Washington, DC (June 18, 1997) – If you asked Internet mailing list users to describe the most significant improvements in the day-to-day operation of their mailing lists in the last few years, many would tell you about spam filtering, integration with the WWW, fully automated bounce processing, increased security and flexibility, MIME enhancements or HTML mail. Surprisingly, the most frequent answer would probably be "Nothing has changed for our list because we are still using the same software as 5 years ago; we are just an informal group and we do not have any funding to buy commercial software".
Once the spearhead of mailing list development, virtual communities have been left behind when the Internet turned into a commercial enterprise. Budget cuts have forced universities to end their sponsorship of lists not directly related to the university's mission, leaving many communities without a home. Some have been lucky enough to find a high-profile corporate sponsor; for instance, Apple (NASDAQ: AAPL) sponsors genealogy, baseball and dog-related mailing lists through its MAIL.EWORLD.COM service, which quickly became the 6th largest LISTSERV® site in the Internet. Likewise, as part of its "Give back to the Net" initiative, America Online (NYSE: AOL) rescued hundreds of virtual communities, becoming the 3rd largest LISTSERV site in the process and one of only two sites to have a combined mailing list membership in excess of 1 million.
For all these efforts, however, thousands of informal communities now have to rely on less than ideal accommodations – typically, one of the members' employer agreed to tolerate the presence of the list on that person's PC or workstation. While the machines in question are usually powerful enough to deliver fast service, freeware mailing list management software has not improved much in the last few years, and functionality leaves to be desired. Likewise, all the popular freeware packages are unix based and require programming skills for simple customization tasks, which some of the less technical groups may lack.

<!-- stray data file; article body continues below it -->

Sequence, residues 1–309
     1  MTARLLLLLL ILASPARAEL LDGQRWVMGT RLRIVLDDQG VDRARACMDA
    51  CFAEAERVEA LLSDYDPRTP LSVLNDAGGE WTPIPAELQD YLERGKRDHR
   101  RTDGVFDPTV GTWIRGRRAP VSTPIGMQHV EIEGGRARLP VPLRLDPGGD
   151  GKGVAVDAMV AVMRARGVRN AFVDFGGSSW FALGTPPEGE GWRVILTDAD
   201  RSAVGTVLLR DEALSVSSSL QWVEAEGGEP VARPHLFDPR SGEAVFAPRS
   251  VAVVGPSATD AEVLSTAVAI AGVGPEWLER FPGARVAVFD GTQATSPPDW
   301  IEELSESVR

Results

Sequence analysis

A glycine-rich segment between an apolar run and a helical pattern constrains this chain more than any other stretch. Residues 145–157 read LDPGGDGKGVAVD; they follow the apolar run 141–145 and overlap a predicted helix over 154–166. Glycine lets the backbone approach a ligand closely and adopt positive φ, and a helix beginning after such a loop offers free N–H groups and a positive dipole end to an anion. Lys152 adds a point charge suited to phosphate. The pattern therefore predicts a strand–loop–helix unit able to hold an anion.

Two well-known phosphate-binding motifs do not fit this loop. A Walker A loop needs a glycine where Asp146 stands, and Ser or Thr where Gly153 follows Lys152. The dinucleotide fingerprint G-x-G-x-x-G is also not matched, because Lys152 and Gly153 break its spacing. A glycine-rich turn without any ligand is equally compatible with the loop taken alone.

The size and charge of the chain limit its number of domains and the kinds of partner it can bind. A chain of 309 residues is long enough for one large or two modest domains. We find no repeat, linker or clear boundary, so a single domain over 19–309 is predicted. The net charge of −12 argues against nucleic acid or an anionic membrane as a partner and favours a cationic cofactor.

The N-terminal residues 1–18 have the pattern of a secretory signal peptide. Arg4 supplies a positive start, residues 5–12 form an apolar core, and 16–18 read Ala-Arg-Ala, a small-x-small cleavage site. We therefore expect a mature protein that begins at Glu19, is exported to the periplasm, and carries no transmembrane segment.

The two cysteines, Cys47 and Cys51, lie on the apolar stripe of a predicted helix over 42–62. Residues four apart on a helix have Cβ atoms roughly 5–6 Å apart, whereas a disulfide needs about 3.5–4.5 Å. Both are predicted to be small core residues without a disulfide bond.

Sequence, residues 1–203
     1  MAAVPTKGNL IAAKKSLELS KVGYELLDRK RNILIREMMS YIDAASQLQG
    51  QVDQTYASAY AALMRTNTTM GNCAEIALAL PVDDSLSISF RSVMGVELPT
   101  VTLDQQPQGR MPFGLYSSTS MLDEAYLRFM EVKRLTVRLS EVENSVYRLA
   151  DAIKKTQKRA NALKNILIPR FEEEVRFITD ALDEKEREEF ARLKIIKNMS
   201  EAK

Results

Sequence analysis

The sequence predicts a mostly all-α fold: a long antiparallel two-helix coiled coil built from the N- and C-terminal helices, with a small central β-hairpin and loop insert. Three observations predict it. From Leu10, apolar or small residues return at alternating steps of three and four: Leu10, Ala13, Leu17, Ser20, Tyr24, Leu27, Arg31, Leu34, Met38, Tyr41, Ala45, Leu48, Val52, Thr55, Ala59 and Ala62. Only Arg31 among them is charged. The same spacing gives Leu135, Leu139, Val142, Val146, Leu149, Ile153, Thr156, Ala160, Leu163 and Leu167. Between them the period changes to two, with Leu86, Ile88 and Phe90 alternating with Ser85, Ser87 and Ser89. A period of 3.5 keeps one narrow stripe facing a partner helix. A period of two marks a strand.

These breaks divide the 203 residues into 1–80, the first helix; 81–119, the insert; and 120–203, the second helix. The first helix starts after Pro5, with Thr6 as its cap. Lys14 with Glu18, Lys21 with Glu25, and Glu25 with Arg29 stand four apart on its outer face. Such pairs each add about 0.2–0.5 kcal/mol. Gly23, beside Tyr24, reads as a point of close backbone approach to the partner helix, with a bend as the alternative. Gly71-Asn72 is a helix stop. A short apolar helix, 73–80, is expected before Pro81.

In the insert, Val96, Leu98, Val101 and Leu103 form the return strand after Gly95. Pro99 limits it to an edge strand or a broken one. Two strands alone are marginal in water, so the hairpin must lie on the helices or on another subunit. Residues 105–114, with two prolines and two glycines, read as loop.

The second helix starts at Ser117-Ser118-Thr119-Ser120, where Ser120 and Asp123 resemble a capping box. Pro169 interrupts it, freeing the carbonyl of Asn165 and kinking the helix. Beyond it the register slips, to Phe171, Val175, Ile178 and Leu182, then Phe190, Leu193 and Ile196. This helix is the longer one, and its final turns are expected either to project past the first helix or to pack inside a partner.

To allow these communities to upgrade to commercial grade software at no charge, L-Soft international, Inc., is making available a free version of its LISTSERV Lite mailing list manager, strictly for non-profit use. Dubbed the "Free Edition", this package is functionally identical to the commercial LISTSERV Lite product, with a limit of 10 mailing lists of up to 500 subscribers each. In fact, the Free Edition also serves as the evaluation kit for the commercial product. Upgrades can be downloaded at no charge as they become available and, in the Internet tradition, support is provided through a mailing list where users of the Free Edition exchange tips and solutions with each other. The Free Edition is available for Windows NT, Windows 95, 10 major unix brands and OpenVMS. For more information, see the L-Soft Web site.
"Over 600 mailing lists have already switched from freeware packages to the LISTSERV Lite Free Edition", says John Karpovich, Senior Sales Manager at L-Soft, "and we expect many others to follow as the word spreads. Whether used to manage a weekly club newsletter, a focused discussion on local politics or a casual forum on the game of Canasta, the Free Edition will help facilitate and promote communication, building long-lasting relationships in the process."
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